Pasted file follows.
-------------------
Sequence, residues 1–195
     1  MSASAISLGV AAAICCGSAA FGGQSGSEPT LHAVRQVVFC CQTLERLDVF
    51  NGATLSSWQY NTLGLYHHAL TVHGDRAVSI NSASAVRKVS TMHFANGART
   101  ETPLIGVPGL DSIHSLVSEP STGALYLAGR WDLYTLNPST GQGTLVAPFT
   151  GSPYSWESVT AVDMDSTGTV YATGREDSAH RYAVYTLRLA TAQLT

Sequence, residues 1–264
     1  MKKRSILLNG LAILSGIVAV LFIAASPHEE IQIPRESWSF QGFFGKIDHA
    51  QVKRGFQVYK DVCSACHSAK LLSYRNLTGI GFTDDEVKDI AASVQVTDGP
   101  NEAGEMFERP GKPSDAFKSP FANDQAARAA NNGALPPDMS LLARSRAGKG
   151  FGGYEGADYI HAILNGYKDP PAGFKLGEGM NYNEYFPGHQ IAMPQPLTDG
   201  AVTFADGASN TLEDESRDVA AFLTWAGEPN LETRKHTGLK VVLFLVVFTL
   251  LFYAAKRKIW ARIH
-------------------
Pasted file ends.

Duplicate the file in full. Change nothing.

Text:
Sequence, residues 1–195
     1  MSASAISLGV AAAICCGSAA FGGQSGSEPT LHAVRQVVFC CQTLERLDVF
    51  NGATLSSWQY NTLGLYHHAL TVHGDRAVSI NSASAVRKVS TMHFANGART
   101  ETPLIGVPGL DSIHSLVSEP STGALYLAGR WDLYTLNPST GQGTLVAPFT
   151  GSPYSWESVT AVDMDSTGTV YATGREDSAH RYAVYTLRLA TAQLT

Sequence, residues 1–264
     1  MKKRSILLNG LAILSGIVAV LFIAASPHEE IQIPRESWSF QGFFGKIDHA
    51  QVKRGFQVYK DVCSACHSAK LLSYRNLTGI GFTDDEVKDI AASVQVTDGP
   101  NEAGEMFERP GKPSDAFKSP FANDQAARAA NNGALPPDMS LLARSRAGKG
   151  FGGYEGADYI HAILNGYKDP PAGFKLGEGM NYNEYFPGHQ IAMPQPLTDG
   201  AVTFADGASN TLEDESRDVA AFLTWAGEPN LETRKHTGLK VVLFLVVFTL
   251  LFYAAKRKIW ARIH